America’s top 5 oil-producing states

1) Texas

Texas is the U.S. top producer of crude oil and natural gas, according to the U.S. Energy Information Administration. The state’s oil production increased by more than 500,000 barrels a day in the year to September.

The increase was mostly thanks to production in two formations, Eagle Ford in South Texas and the Permian Basin in West Texas.

In September, Texas crude-oil production hit 2 million barrels per day. Total production in 2011 was 1.5 million barrels per day, from facilities such as the refinery in Texas City, pictured at left.

Earlier this month, the U.S. Energy Information Administration said the U.S. monthly crude-oil production was at the highest level since 1998, averaging 6.5 million barrels per day in September.

Our ranking excludes U.S. offshore production. Wells off the coast of Gulf states produced 1.16 million barrels per day in September. Offshore production off the coast of California and Alaska hit 56,000 barrels per day in September.

2) North Dakota

North Dakota produced 728,000 barrels of oil a day in September, the EIA has said.

The state’s oil production increased by more than 250,000 barrels per day in the year to September, from wells like the one at a site near Tioga, N.D., pictured at left.

Most of that increase came from the Bakken formation in the Williston basin, where crude-oil production started to pick up in early 2007. The Bakken accounts for 90% of North Dakota’s total oil production.

The formation straddles North Dakota and parts of Montana and Canada’s Saskatchewan province. Oil was first found in the Bakken in the early 1950s, but it had been slow going until more recent technology, including the use of hydraulic fracturing, or fracking, to coax the oil out of rock.

3) California

California gets the No. 3 spot in U.S. oil production, with 524,000 barrels of oil a day in September, according to the EIA. California also ranks third in refining capacity, able to churn out 2 million barrels per day out of its 20 operable refineries, one of which is BP’s Carson refinery in Carson.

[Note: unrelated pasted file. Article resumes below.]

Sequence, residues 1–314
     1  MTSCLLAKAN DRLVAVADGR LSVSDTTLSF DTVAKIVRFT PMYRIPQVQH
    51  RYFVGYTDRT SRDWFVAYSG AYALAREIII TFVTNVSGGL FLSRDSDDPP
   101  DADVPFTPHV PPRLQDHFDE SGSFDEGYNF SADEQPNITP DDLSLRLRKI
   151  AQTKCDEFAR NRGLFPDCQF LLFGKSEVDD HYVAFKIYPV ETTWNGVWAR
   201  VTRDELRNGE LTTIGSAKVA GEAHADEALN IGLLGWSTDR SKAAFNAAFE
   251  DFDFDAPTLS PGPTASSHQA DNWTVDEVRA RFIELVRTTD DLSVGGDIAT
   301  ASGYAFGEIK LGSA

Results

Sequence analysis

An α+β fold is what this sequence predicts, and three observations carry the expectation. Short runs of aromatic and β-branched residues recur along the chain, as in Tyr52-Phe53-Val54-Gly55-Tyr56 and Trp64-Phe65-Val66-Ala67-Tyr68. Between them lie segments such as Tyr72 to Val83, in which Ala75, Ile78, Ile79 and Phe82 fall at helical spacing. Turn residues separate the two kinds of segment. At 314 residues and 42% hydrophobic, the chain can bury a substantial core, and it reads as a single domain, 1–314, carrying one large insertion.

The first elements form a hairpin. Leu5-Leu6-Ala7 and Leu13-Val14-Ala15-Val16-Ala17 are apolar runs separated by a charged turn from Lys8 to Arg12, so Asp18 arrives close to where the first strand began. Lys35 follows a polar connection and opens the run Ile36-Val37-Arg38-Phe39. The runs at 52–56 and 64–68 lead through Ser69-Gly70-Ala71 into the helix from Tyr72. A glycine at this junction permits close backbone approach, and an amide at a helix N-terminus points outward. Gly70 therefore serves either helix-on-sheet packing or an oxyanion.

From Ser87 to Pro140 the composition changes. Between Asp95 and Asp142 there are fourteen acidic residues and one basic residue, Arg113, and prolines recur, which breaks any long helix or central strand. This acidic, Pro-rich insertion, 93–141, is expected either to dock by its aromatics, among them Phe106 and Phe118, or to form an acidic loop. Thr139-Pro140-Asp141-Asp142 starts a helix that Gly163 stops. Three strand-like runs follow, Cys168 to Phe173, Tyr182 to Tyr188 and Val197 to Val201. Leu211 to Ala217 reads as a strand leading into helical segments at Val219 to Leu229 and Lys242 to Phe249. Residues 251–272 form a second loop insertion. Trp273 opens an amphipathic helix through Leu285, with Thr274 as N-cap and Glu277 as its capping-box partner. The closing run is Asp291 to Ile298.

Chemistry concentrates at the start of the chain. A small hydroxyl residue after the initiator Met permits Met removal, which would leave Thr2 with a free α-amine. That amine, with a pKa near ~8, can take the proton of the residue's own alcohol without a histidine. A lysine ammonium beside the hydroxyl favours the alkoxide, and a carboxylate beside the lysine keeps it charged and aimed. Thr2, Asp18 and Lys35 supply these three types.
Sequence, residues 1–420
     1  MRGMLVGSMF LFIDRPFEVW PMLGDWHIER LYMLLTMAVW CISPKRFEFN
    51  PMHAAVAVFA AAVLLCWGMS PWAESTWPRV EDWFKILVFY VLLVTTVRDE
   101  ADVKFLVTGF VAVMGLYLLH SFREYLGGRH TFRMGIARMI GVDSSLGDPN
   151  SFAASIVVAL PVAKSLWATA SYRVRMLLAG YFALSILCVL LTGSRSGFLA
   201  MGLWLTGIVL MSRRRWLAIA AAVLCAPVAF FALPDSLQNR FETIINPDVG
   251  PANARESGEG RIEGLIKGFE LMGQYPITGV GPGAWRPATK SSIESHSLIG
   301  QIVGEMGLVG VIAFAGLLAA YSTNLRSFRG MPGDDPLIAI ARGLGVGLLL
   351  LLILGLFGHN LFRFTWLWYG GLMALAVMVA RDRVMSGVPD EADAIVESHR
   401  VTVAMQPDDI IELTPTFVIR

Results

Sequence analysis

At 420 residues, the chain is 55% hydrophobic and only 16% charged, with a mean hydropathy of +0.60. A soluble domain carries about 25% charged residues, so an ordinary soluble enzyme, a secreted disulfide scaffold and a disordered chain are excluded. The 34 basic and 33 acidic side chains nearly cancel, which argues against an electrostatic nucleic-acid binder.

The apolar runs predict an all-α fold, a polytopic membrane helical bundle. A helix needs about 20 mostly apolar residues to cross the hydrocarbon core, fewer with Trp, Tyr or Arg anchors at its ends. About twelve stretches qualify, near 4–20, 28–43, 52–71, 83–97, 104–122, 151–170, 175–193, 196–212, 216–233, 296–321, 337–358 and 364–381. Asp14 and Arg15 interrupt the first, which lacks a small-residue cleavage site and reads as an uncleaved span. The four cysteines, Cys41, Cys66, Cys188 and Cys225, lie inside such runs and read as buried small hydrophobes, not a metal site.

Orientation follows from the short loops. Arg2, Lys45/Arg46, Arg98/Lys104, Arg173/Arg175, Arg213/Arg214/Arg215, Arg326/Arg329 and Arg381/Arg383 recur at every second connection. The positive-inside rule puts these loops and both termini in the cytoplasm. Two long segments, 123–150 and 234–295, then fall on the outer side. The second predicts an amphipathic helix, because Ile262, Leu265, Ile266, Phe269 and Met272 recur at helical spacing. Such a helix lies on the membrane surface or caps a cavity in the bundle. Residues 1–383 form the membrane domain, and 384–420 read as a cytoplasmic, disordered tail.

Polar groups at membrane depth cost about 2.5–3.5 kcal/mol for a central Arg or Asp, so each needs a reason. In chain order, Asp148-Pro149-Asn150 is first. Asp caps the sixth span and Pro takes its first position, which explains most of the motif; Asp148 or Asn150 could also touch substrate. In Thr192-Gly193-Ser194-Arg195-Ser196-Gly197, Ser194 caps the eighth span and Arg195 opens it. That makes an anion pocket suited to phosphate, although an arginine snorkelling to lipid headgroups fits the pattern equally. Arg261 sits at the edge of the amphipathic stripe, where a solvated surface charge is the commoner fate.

Despite its key role in oil producing and refining, California’s gasoline retail price is one of the highest in the nation.

Travel and leisure group AAA on Friday said a gallon of regular gasoline cost on average $3.61 in California, compared with a national average of $3.31. Prices are expected to fall in the next few days, however, and are down more than 20 cents in a month

4) Alaska

Alaska production has been declining since a peak in the late 1980s. The state produced 502,000 barrels a day in September, nearly all from its North Slope fields.

Production in Alaska peaked in 1988 with an average annual production of 2 million barrels a day.

Alaska’s oil is carried to market through the TransAlaska Pipeline System, or TAPS.

North Slope oil production is at risk beyond 2025 if oil prices drop sharply, the EIA has said.

That’s because the TAPS needs to maintain minimum flows to keep operating, and its projected lifetime depends on continued investment in North Slope oil production, which in turn depends on future oil prices.

North Slope production would cease and TAPS would be decommissioned as early as 2026 if oil prices were to go too low

5) Oklahoma

Oklahoma produced 250,000 barrels of oil in September, ranking fifth in the nation, according to the EIA. Oklahoma is fourth in natural-gas production.

It’s in Cushing, Okla., the southern site of the Keystone XL pipeline, that New York-traded benchmark West Texas Intermediate prices are settled.

A glut of oil in Cushing has been partly blamed for the lower prices WTI has fetched compared with Europe’s benchmark, Brent oil, and the diminishing role WTI prices have played in international oil markets.

New Mexico, Louisiana, Wyoming, Kansas and Colorado round up the top 10 states in oil production. Production increases in these smaller-volume states have also contributed to the rise in domestic crude-oil production, the EIA said.

U.S. oil output peaked in the 1970s, when the U.S. produced about 11 million barrels a day. There were valleys in the 1980s, and another crest in the 1990s. Production started to pick up again around 2008, when new technology was able to coax oil out of previously hard-to-get places, mostly from ultra-deep offshore wells and oil-bearing shale rock, with relatively high prices making the whole process worth it.




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